Life is a journey, not a race.
My alcoholism started out as recreational drinking that eventually developed into more. All the while, I functioned at a normal level. I never had trouble with the law. I graduated college. I even had a career and financed my own apartment and car. Everything looked good and stable on the outside, but internally I was suffering.
I was a textbook functioning alcoholic.
I didn’t notice how destructive my patterns, relationships and life had gotten until I finally reached a point of desperation. Lessons from my religious upbringing weighed heavy on my heart. I knew the way I was living wasn’t the life I was meant to live. I wasn’t proud of who I saw in the mirror, and I often didn’t recognize myself. I hit a spiritual bottom, but luckily there was only one way to go from there.
My addiction was so well hidden that it surprised my father when I finally told him I was suffering. I was ashamed, but I knew I needed help. I couldn’t do it on my own. My father was incredibly supportive. He was the one who helped get me into treatment.
I wanted sobriety more than anything.
I got sober by following the suggestions of other alcoholics and addicts. I listened and put into action everything I was told so I never had to feel the incomprehensible demoralization that I felt before getting help. I did the twelve steps with a sponsor and attended a meeting every day. Now, I continue to help others along the way. I find there’s room to grow on a daily basis. I make sure I’m feeding my mind, body and soul continuously.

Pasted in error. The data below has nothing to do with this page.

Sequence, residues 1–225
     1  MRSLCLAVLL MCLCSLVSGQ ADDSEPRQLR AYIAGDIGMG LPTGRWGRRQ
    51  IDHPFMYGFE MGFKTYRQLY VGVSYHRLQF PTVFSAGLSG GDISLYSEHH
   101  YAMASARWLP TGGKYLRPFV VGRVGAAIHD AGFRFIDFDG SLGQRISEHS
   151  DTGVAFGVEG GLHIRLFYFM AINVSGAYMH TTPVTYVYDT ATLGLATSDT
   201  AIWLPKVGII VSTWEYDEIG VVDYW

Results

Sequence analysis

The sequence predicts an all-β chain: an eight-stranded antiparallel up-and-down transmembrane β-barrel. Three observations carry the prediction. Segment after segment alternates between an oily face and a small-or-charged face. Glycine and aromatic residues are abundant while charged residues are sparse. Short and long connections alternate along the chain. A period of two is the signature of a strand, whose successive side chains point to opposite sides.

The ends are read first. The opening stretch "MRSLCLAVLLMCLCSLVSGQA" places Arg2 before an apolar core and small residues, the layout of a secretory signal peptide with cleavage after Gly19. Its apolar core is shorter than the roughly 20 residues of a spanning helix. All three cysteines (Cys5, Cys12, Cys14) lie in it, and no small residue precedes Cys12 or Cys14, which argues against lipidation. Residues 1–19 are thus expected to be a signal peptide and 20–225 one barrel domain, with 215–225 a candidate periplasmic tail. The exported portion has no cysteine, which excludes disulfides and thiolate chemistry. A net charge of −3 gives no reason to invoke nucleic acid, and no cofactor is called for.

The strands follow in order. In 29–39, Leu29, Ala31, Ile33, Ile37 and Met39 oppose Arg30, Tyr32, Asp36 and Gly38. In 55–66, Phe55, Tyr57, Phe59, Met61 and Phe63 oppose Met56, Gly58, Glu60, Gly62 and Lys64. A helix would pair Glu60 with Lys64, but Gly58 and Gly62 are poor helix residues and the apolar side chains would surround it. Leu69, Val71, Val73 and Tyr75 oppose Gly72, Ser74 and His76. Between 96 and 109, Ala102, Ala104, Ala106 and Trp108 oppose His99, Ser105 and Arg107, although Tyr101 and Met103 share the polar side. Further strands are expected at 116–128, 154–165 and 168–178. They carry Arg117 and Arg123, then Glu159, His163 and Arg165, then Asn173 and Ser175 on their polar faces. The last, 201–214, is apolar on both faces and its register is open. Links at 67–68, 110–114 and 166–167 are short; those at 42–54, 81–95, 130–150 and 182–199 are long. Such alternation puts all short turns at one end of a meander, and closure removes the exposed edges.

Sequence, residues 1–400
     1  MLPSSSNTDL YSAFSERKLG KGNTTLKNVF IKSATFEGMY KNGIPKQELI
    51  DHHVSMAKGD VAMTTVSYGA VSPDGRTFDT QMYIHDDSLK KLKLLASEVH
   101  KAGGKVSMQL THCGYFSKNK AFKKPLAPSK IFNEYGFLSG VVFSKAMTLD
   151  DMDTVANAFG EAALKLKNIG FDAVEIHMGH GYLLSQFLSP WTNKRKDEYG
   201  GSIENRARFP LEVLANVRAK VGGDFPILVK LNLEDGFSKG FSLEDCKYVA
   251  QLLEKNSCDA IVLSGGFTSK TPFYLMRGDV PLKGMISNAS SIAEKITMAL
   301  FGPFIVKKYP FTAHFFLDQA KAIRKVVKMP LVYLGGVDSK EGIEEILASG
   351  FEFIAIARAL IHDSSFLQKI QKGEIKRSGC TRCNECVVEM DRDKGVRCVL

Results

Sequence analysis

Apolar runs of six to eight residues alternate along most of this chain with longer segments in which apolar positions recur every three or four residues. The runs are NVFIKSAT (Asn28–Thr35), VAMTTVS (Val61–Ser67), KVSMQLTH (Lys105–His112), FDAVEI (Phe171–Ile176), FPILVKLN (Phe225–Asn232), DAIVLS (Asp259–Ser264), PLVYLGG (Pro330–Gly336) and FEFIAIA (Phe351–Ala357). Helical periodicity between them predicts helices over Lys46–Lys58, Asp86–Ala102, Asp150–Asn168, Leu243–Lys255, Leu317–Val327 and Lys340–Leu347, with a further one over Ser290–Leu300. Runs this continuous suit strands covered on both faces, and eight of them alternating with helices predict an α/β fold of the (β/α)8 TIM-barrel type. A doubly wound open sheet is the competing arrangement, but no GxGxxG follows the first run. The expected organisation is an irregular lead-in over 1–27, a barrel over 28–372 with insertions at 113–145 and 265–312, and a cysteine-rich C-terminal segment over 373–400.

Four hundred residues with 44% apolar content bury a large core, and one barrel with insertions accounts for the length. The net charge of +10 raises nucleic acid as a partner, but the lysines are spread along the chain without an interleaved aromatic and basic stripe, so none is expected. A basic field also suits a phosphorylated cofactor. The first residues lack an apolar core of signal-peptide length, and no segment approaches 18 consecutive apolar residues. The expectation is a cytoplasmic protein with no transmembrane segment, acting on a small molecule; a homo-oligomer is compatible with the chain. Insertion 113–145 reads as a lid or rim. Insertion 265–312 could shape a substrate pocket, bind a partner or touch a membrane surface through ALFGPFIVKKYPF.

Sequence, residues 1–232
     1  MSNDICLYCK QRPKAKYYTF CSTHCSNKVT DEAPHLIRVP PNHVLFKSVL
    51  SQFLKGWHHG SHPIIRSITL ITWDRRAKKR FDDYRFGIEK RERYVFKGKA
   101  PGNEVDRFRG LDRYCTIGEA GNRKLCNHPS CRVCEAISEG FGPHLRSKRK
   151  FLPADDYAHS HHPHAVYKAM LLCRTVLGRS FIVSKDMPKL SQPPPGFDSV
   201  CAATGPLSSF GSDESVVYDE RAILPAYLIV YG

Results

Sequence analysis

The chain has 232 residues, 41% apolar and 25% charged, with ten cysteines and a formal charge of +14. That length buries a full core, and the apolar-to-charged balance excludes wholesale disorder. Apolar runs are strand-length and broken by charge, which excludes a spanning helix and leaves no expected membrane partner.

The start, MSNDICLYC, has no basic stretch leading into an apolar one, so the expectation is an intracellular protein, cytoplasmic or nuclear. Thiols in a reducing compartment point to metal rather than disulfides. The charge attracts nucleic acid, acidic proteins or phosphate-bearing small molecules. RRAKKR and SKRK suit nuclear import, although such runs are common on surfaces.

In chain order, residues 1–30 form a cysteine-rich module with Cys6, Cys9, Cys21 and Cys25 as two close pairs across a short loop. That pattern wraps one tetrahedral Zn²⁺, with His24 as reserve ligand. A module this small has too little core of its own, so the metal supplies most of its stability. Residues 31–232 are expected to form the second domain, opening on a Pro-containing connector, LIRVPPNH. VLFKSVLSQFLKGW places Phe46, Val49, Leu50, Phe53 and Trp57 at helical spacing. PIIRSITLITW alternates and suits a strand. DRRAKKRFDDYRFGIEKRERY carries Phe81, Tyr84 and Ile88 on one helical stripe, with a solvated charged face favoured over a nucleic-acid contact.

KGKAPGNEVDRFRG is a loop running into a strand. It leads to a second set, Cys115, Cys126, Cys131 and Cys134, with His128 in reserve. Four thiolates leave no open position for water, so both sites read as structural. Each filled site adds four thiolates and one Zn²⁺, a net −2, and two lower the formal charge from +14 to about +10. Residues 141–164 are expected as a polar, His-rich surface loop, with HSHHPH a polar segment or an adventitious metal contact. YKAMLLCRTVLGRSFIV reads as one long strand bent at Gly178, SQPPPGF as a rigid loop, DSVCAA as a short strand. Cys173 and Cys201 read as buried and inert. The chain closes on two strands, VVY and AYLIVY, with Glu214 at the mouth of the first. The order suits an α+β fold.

Recovery feels like internal and mental peace.</h5
Before recovery, I felt the need to always be doing something or going somewhere. I was uncomfortable in my mind and my skin. Recovery allows me to sit still. I no longer need to escape from myself. I am right where I need to be. My soul is weightless as long as I am working a program and keeping God on my side. Before I got sober, I still had a great connection with God, but I was always praying for help. The best thing about being clean and sober is that when I pray, it’s usually for others now. I get to see other people’s lives change. Because of recovery, I can process a situation and not be selfish with my intentions.